PennEnvironment Statement: New EPA carbon rule would cut climate pollution from coal, gas plants

    The U.S. Environmental Protection Agency (EPA) on May 4th proposed new limits on carbon pollution from coal- and gas-burning power plants. Many coal and some gas plants will need to reduce or capture the vast majority of the carbon they produce once the standards take full effect in the 2030s. In fact, from 2028 to 2042, the EPA’s proposal would slash carbon pollution by 617 million metric tons – equivalent to taking 137 million passenger vehicles, roughly half the cars in the United States, off the road for a year. But the proposal allows more pollution from some coal plants and smaller or intermittently running gas plants.

    In 2020, Pennsylvania was the fourth-largest greenhouse gas-emitting state in the nation and nearly a third of the Commonwealth’s climate pollution came from electricity production. A new report released this week by the PennEnvironment Research & Policy Center found that 11 of the 12 Pennsylvania facilities emitting the most global warming pollution are coal and gas power plants.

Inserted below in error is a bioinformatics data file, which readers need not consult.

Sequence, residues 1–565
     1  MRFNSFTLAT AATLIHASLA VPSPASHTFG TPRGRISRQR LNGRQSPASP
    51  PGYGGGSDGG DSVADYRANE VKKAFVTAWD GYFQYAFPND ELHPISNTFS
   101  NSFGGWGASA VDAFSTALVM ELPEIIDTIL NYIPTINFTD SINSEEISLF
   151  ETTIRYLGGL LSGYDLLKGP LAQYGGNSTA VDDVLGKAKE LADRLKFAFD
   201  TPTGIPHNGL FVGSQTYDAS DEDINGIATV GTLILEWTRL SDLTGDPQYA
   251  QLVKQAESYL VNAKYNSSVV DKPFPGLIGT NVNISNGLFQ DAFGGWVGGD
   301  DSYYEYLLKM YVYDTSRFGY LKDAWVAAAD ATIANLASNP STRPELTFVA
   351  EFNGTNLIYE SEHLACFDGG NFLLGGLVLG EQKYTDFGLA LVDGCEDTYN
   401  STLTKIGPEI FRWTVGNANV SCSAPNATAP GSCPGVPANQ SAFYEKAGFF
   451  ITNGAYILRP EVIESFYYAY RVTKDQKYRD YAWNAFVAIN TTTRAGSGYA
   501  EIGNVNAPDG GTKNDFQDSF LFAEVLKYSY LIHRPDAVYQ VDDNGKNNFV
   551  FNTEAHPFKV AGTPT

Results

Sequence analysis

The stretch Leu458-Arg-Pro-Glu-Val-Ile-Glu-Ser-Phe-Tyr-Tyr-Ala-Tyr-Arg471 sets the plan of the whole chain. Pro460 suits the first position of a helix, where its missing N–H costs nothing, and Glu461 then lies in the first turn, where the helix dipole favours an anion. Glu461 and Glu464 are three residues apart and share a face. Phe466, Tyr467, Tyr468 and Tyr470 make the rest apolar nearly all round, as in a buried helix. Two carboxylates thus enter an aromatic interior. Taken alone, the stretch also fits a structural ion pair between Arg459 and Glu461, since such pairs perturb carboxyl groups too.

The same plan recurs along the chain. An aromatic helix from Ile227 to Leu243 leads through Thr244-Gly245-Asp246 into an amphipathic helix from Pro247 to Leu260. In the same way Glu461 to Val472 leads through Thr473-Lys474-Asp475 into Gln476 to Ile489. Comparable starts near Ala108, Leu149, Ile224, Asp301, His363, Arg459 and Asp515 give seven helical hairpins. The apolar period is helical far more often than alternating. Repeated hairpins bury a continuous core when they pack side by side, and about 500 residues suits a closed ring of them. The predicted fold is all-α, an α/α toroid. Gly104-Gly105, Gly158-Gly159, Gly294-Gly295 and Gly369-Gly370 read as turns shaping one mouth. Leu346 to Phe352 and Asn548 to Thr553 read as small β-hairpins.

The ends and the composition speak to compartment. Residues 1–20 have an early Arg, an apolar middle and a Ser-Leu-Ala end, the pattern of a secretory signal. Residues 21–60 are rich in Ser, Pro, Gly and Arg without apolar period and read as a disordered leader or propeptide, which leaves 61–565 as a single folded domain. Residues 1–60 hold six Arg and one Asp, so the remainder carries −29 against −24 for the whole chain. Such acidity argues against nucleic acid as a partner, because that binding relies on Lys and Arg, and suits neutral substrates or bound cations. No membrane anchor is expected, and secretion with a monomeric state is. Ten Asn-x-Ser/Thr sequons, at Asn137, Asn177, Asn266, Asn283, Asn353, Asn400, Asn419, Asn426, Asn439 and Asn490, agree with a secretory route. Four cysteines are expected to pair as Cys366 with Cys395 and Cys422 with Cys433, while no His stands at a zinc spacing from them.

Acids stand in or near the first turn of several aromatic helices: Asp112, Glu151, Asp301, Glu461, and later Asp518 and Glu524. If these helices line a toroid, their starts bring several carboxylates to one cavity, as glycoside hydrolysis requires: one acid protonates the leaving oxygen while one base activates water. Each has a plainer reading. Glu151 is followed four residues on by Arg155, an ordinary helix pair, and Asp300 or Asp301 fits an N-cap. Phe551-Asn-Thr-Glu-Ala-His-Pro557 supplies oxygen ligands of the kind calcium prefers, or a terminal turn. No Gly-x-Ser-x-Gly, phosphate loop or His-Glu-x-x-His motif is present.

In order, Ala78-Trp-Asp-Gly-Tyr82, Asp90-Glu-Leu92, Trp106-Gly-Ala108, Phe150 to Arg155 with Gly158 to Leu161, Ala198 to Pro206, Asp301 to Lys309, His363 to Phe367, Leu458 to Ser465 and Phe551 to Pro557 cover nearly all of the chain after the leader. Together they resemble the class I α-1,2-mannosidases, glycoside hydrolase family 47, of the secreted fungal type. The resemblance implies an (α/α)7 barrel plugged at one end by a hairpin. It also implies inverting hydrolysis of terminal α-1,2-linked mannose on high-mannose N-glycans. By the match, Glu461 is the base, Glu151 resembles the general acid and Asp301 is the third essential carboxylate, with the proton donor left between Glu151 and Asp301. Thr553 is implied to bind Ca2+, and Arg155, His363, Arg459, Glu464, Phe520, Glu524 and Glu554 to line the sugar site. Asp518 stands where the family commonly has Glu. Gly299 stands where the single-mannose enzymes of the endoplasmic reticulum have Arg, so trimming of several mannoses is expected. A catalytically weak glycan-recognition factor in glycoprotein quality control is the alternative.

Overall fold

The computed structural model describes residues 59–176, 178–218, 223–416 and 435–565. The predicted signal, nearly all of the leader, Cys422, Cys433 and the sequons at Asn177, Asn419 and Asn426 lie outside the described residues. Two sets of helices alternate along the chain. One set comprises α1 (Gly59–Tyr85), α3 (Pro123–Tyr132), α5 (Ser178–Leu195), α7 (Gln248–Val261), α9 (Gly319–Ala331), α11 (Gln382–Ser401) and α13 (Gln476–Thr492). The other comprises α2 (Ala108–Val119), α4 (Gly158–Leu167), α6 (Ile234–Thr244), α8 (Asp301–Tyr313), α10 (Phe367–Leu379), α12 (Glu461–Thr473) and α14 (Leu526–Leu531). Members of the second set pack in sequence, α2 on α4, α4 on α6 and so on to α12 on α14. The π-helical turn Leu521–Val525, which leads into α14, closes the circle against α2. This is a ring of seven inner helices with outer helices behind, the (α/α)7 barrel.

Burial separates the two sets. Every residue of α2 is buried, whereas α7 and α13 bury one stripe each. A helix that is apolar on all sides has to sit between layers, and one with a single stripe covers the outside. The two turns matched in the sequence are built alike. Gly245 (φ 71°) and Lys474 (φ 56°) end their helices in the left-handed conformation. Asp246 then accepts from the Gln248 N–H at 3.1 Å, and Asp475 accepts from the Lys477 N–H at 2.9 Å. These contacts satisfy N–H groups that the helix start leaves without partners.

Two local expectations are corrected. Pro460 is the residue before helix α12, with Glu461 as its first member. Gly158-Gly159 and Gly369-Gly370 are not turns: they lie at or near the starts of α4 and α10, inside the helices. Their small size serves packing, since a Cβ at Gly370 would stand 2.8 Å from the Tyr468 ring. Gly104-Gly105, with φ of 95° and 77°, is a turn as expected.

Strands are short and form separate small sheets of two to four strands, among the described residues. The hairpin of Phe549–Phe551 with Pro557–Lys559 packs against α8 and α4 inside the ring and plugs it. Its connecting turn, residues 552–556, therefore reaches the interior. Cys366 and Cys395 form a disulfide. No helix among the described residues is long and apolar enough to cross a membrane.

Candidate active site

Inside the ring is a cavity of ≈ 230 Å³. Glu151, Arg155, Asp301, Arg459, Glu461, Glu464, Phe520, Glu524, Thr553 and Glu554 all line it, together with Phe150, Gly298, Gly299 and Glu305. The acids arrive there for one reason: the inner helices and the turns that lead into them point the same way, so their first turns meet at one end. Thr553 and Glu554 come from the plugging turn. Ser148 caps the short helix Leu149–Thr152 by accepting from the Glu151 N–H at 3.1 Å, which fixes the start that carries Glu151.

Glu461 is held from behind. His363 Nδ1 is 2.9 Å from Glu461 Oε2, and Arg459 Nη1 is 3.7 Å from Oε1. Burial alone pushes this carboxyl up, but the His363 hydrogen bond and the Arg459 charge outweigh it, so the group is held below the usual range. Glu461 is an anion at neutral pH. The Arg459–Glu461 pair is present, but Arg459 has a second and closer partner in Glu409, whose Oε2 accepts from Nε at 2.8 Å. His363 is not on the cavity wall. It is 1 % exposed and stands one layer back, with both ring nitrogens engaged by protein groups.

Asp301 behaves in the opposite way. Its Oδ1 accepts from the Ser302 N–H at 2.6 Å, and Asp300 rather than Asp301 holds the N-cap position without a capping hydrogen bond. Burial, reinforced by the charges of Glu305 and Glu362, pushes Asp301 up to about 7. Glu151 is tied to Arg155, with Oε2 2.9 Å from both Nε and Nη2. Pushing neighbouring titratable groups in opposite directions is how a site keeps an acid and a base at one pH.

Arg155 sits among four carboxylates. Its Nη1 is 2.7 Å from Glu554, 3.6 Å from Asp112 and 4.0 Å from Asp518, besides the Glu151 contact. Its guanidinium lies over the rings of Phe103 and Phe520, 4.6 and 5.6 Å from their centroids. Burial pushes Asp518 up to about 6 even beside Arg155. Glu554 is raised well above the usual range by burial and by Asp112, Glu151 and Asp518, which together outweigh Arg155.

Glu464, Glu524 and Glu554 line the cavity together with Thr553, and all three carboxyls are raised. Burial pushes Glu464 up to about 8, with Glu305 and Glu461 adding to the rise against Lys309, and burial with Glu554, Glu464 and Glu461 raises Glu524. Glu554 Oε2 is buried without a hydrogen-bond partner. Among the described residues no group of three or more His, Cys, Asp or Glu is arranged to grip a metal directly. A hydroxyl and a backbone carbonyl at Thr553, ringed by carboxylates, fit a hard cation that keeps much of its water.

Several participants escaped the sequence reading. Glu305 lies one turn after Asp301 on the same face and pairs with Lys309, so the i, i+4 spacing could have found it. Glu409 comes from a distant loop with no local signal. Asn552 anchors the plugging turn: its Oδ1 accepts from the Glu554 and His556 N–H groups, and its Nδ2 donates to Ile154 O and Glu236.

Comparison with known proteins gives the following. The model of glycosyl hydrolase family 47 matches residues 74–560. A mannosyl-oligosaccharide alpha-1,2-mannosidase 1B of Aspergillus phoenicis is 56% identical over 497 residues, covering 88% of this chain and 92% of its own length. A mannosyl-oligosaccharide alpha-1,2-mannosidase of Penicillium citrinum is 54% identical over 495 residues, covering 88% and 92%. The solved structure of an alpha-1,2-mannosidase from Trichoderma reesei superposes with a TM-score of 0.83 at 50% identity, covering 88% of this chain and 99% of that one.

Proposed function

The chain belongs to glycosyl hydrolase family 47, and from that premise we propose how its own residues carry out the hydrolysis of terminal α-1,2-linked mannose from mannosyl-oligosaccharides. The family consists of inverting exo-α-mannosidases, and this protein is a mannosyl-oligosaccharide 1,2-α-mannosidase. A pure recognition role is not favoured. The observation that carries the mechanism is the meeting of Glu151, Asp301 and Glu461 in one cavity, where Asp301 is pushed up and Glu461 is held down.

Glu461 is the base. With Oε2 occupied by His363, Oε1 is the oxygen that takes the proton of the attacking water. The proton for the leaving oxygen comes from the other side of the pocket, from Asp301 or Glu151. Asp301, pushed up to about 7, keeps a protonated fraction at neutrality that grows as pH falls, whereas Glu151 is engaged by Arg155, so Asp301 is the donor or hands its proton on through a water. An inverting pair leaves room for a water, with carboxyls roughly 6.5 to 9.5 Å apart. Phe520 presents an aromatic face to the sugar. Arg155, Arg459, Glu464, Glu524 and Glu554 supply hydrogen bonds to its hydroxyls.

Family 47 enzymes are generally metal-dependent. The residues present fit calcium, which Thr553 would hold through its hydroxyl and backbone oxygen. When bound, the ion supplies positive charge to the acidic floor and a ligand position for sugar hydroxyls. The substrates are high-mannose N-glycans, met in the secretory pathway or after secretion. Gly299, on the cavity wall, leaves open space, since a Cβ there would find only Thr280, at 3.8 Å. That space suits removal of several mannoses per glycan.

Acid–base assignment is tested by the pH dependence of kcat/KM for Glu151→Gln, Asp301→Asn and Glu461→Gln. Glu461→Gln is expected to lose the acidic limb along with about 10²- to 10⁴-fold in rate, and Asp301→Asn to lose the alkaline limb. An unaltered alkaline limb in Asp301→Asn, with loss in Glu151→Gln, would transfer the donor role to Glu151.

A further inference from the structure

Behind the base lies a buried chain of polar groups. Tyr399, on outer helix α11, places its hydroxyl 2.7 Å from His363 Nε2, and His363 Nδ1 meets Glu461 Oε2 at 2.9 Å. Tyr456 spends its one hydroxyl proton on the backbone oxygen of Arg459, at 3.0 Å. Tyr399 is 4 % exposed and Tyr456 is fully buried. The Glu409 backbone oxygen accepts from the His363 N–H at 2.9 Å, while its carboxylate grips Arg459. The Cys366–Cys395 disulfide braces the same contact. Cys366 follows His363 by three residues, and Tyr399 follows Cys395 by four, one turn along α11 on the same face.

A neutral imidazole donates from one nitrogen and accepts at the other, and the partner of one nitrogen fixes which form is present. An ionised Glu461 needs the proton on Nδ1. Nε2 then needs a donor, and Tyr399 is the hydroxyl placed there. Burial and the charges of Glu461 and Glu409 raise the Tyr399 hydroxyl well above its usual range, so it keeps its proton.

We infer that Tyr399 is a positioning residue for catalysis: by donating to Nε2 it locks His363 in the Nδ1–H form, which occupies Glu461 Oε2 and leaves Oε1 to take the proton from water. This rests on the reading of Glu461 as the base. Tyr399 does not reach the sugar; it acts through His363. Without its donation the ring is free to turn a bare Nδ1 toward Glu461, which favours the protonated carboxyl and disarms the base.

In response to the new EPA proposal, Flora Cardoni, field director with PennEnvironment said:

    “For too long, Pennsylvania has been a big part of the climate pollution problem. Today’s rule can help make Pennsylvania a part of the solution by reining in the state’s biggest climate culprits.  

    As we head into what is likely to be another hotter than average summer, it’s more clear than ever that we need to rein in planet-warming carbon emissions from the power sector. Today’s proposal from the EPA would be a big step in the right direction.

    We’re glad to see this proposal and urge the EPA to extend it to more power plants to tackle the climate crisis, protect our health, and slash pollution that harms our communities. EPA must require the biggest polluters here in Pennsylvania and around the nation to clean up their act, instead of continuing to harm our climate and our health. And EPA shouldn’t allow new fossil fuel power plants to make these problems worse. 

    We look forward to weighing in during the public comment period in support of a healthier, more stable future.”


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